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Description: North Frith Farm Oast
Date Listed: 19 June 1986
English Heritage Building ID: 179442
OS Grid Reference: TQ6114650512
OS Grid Coordinates: 561146, 150512
Latitude/Longitude: 51.2310, 0.3067
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HADLOW ASHES LANE
TQ 65 SW
3/6 North Frith Farm Oast
Former oasthouse, now a field centre for wildlife and farming studies, Circa
1856, built as part of a model farm; some bomb damage in 1944, converted circa
1984. English bond brick including a large number of burnt headers giving it
a banded appearance in places; peg-tile roof.
Plan: The stowage faces south and has 4 attached hop kilns, 3 at the back and
one on the left (west) end. The end kiln has a narrow projecting chimneyshaft
which appears to be original. The stowage is 3 storeys and the ground floor
Exterior: The stowage has a symmetrical 5-window front. All have segmented
brick arches over and contain iron-framed pivoting casements with glazing
bars. At first floor level are loading hatch doorways right and left of
centre. Both contain original sturdy sliding plank doors on iron runners. 5-
bay open arcade at ground floor level of cast iron columns. These support the
outer ends of the crossbeams and above them is a large horizontal plat or
lintel across the front. Directly above (at first floor level) is a band of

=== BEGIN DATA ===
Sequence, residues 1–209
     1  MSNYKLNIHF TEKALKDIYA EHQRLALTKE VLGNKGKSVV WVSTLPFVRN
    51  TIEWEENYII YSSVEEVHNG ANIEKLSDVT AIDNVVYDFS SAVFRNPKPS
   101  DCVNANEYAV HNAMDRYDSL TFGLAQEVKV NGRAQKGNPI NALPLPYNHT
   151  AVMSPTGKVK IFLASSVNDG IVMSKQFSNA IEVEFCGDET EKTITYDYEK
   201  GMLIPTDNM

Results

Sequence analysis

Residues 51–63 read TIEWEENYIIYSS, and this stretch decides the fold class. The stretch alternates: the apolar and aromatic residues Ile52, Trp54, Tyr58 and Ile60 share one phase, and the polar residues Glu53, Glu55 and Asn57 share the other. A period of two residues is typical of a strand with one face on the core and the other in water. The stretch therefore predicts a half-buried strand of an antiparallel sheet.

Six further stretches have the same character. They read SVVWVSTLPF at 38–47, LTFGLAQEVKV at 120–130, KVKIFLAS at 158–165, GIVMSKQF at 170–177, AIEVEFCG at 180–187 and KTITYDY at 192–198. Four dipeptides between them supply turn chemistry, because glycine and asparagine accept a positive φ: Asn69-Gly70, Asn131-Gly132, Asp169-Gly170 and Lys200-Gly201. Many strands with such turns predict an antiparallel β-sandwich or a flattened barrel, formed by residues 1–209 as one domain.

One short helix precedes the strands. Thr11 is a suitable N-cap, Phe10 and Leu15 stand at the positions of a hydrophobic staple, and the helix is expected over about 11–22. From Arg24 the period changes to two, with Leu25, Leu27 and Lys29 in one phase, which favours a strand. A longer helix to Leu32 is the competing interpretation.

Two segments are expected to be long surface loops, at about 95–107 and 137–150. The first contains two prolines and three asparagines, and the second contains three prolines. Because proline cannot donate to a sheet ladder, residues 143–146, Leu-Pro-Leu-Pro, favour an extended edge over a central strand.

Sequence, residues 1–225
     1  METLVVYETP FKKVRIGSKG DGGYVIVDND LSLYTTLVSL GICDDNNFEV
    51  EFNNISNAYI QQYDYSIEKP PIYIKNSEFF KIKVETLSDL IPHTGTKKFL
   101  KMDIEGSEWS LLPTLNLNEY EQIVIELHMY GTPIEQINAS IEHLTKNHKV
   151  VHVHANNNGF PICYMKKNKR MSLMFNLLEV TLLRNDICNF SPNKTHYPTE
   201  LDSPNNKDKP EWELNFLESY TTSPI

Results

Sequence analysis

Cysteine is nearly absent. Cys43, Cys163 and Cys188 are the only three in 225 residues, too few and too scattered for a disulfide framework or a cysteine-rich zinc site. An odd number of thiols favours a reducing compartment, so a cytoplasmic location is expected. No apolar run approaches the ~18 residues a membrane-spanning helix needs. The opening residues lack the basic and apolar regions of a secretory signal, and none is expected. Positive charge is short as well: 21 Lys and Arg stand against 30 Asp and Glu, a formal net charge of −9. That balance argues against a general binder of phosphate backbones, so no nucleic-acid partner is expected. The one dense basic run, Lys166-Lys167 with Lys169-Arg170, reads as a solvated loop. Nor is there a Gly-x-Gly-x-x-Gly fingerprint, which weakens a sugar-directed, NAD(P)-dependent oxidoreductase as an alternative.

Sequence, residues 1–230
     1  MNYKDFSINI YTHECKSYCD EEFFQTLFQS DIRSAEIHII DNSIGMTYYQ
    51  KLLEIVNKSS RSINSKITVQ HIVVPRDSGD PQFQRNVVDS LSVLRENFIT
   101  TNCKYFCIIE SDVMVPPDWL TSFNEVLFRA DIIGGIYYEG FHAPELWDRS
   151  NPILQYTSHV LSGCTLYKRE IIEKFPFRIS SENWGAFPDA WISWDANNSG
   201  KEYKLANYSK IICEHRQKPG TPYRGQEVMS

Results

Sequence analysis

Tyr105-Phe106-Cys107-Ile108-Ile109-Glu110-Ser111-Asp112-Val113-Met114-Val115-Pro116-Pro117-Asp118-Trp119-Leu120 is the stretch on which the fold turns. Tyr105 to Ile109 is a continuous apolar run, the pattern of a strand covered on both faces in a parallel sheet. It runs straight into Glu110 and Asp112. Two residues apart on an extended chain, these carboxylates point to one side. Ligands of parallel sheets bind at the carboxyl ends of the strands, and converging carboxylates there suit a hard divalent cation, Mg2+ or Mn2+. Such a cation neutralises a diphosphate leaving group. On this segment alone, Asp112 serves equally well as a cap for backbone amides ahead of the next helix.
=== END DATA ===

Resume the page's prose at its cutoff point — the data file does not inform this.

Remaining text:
cogged brick. Low segmental brick relieving arches down onto the cogged band
below each first floor window and a plain projecting band across the front at
window sill level.is interrupted by the loading hatch doorways. An eaves
cornice of cogged brick is interrupted by the upper window arches. S-shaped
iron ties at second floor level. Main roof is hipped each end. The right end
side continues in the same style with similar windows and an arcade of narrow
segmental-headed arches is now blocked by windows.
The hop kilns are circular in plan and unusually architectural. Around the
upper section are sunken rectangular panels with cornices of cogged brick.
The small windows with segmental arch heads are original. Windows and
doorways inserted circa 1984 have concrete lintels. Originally the conical
roofs were much taller and were coated brick. They suffered from bomb blast
damage in 1944 after which they were reduced considerably and given conical
roofs clad with peg tile.
Interior: Has plain but sturdy carpentry detail. 5-bay roof of large
scantling tie-beam trusses with raiked iron gussets over the joints and with
vertical iron rods between each apex and tie beam. There are sturdy dragon
ties across the corners at wall plate level.
This is an unusually attractive oast which forms part of a group of
contemporary farmbuildings (q.v.) and North Frith Farmhouse (q.v.) which was
built as a model farm by the owner of North Frith House.
Listing NGR: TQ6242949383
This text is a legacy record and has not been updated since the building was originally listed. Details of the building may have changed in the intervening time. You should not rely on this listing as an accurate description of the building.
Source: English Heritage
Listed building text is © Crown Copyright. Reproduced under licence.